Implications of the War on Syria and Iraq
The U.S. is in competition with other nations, and with Russia and China in particular, for markets and resources. It is also trying to reduce Russia and China to the status of vassals, so they cannot threaten the U.S. drive for global domination. Russia especially is in the sights of the U.S., in part because it is the only country in a position to pose a direct military threat to the U.S. The key question for the nations involved is who will dominate Eurasia economically and politically – the U.S. and its European allies, or Russia and China?
The U.S. is not acting from a position of strength, but of weakness. As its position in the world declines in the face of the global destruction of capitalism and the rise of new economic powers, the U.S. is being reduced to using its technological and military might to try to maintain its dominance. Indeed, it has elevated to the level of strategy the practice of using subversion and violence to undermine and destabilize countries.
Gaining control of Eurasia is central to the U.S.’ goal of global domination. U.S. actions over the last 25 years in north and central Africa, the Middle East, central Asia and eastern Europe have been calculated to destabilize these regions, bring them under U.S. political and economic control, and interfere with Russian and Chinese access to markets and resources, especially oil.
U.S. actions have also served to position U.S. military forces where they can more directly threaten Russia. (A similar process has gone on in Asia in relation to surrounding China, though it is perhaps not as advanced or pronounced as what has happened on the Russian front.) It should be noted that the cost of these military adventures by the U.S. and NATO runs into the trillions, and this is being paid for through the “austerity” programs imposed in the U.S. and Europe.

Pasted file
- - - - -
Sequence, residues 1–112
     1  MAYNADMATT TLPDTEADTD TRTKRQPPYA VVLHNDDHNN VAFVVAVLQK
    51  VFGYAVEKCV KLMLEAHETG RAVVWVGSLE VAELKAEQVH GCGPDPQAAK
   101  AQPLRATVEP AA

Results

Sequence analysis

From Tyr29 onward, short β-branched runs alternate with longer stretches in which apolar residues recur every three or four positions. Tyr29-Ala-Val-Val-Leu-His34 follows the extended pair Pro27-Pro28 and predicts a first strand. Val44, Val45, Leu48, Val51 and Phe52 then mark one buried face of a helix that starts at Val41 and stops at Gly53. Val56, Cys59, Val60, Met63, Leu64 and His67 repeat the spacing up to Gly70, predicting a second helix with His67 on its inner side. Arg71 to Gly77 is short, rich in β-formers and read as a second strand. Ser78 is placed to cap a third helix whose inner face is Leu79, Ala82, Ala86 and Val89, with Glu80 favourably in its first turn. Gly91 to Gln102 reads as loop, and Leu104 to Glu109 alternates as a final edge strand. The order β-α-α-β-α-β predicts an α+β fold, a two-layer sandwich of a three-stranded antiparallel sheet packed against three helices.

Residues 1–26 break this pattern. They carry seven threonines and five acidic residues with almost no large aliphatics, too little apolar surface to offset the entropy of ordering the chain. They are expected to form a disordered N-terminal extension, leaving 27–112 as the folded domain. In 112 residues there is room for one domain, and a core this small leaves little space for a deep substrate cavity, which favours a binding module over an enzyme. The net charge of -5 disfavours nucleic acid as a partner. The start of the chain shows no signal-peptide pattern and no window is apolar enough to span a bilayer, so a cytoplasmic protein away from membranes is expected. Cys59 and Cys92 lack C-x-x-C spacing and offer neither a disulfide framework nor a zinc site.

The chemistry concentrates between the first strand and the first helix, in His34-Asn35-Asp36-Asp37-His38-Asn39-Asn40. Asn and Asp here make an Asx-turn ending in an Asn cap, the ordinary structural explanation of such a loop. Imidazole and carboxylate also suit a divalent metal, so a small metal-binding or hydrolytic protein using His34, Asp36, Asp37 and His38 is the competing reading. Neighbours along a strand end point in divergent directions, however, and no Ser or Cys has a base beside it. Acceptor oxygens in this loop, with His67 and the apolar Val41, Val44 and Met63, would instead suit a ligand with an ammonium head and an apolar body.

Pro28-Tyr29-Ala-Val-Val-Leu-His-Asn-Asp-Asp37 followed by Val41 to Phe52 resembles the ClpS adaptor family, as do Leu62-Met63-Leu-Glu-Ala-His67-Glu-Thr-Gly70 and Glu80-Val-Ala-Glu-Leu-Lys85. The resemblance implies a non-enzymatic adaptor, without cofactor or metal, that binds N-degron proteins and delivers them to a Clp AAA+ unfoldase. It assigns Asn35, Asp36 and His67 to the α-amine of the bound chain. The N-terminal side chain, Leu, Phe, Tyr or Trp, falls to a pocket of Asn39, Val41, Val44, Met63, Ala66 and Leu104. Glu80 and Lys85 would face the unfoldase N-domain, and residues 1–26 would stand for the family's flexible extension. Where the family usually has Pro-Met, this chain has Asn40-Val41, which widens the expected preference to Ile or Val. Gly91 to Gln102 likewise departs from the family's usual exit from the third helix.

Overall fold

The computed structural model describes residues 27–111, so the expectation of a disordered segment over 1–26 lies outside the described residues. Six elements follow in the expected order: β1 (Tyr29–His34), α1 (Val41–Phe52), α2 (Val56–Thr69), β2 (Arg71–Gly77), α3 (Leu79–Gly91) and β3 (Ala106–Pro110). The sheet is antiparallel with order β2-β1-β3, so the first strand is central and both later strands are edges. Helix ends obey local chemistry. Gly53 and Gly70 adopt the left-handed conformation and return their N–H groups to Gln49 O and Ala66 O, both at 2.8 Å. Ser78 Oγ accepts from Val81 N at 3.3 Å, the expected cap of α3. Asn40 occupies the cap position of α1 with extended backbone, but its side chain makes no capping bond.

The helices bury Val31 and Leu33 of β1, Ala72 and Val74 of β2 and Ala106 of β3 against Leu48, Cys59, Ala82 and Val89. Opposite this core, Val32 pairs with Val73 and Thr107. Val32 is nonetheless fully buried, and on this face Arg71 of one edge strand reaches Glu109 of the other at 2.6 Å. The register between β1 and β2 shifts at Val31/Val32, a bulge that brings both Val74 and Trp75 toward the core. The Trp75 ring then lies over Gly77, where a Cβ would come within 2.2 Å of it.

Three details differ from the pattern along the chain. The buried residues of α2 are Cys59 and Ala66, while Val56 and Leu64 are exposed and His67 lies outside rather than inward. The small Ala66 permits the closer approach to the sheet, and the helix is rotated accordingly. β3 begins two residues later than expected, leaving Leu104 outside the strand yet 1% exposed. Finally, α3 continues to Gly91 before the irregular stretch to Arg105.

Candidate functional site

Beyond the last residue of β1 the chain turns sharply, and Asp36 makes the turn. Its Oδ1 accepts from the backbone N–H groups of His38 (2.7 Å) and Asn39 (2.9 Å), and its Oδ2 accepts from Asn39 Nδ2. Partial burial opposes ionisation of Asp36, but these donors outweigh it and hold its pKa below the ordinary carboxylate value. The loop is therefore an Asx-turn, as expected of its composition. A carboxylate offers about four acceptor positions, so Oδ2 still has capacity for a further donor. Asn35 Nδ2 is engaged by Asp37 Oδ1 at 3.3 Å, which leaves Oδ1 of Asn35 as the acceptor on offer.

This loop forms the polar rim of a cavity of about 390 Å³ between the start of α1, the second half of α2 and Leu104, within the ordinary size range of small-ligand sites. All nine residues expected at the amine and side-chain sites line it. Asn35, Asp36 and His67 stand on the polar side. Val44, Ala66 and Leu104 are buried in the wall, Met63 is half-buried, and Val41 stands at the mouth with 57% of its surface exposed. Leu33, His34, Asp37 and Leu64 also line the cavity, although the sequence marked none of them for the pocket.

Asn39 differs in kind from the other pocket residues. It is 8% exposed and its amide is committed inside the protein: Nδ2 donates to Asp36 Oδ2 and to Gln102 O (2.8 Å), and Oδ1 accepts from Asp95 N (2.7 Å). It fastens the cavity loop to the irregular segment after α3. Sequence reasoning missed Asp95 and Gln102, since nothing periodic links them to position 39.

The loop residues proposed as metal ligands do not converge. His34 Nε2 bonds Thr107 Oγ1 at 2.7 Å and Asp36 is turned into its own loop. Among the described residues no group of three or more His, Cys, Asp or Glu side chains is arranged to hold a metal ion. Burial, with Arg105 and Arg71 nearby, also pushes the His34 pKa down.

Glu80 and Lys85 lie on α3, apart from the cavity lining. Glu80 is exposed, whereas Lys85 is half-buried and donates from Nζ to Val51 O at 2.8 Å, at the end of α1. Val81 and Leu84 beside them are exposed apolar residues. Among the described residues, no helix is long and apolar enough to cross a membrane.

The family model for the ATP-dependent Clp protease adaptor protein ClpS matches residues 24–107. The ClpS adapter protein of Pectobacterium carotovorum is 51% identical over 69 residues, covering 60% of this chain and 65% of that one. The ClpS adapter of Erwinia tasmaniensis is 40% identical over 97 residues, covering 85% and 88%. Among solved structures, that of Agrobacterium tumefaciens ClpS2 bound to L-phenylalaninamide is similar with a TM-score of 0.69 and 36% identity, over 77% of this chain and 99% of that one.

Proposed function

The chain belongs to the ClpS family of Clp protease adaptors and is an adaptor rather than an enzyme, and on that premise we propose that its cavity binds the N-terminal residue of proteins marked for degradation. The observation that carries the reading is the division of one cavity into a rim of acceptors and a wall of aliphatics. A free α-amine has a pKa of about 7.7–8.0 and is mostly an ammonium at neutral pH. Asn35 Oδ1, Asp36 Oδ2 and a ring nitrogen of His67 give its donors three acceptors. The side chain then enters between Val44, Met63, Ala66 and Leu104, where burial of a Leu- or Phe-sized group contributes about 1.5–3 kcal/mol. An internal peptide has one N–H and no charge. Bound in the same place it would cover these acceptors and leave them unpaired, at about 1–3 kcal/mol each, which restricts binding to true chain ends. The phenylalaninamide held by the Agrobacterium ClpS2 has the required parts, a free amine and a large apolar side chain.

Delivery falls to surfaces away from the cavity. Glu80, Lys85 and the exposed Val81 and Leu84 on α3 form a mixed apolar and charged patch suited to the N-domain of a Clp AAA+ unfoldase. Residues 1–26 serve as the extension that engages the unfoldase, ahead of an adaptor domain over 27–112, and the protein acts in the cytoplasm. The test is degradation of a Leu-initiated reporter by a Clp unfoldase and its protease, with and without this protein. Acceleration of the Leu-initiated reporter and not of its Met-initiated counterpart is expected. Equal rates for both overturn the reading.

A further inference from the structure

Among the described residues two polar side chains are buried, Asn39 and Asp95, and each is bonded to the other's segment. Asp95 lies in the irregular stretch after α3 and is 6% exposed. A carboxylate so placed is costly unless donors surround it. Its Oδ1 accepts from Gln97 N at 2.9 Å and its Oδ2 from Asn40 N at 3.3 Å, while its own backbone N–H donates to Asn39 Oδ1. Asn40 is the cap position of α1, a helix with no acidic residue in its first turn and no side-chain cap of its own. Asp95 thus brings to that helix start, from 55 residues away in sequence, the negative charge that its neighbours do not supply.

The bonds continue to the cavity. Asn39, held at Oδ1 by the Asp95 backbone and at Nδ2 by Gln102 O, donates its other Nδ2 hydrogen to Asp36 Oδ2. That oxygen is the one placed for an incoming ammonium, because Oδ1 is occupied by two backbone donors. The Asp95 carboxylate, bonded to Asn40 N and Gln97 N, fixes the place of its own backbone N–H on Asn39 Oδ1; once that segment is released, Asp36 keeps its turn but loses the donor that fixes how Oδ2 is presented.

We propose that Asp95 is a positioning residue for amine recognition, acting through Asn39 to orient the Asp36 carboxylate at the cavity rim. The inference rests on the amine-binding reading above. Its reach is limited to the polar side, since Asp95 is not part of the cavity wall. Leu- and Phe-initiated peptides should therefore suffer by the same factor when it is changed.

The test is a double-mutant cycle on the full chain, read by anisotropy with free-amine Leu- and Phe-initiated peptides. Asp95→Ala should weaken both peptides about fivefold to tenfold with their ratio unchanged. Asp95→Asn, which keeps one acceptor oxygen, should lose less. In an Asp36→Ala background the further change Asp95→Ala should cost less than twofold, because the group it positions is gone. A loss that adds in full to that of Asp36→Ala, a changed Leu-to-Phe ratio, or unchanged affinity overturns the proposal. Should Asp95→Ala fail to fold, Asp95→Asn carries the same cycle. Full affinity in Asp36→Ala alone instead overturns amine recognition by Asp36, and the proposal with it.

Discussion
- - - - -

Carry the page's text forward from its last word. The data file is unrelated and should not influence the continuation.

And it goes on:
Ukraine and U.S. Interests
The U.S.-sponsored coup in Ukraine is a direct threat to Russia. Since Ukraine is strategic to Russia, it cannot ignore this threat, yet if Russia responds militarily the U.S. will use this as a pretext for war. At the same time, according to Evgeny Fedorov, a member of the Russian parliament, a fifth column of foreign agents, NGOs, and western-leaning oligarchs, politicians and media outlets is working inside Russia to bring about a “color revolution” similar to what has occurred in other countries. (In the past, similar forces have been apparent in each of these so-called revolutions, claiming they seek a democratic government but taking advantage of the grievances of the people to put a U.S.-leaning government in power) Getting control of Russia is a strategic necessity for the U.S.. In his May 2014 speech Fedorov argued that if the U.S. loses its bid to dominate Russia it will lose its empire.
The U.S. is also trying to isolate Russia and China economically through its proposed Transatlantic Trade and Investment Partnership (TTIP) and the Trans-Pacific Partnership (TPP). China meanwhile is pursuing its New Silk Road project which is designed to integrate Eurasia economically and connect China to Western Europe and the Mediterranean by both land and sea through a network of roads, high-speed rail, pipelines and ports.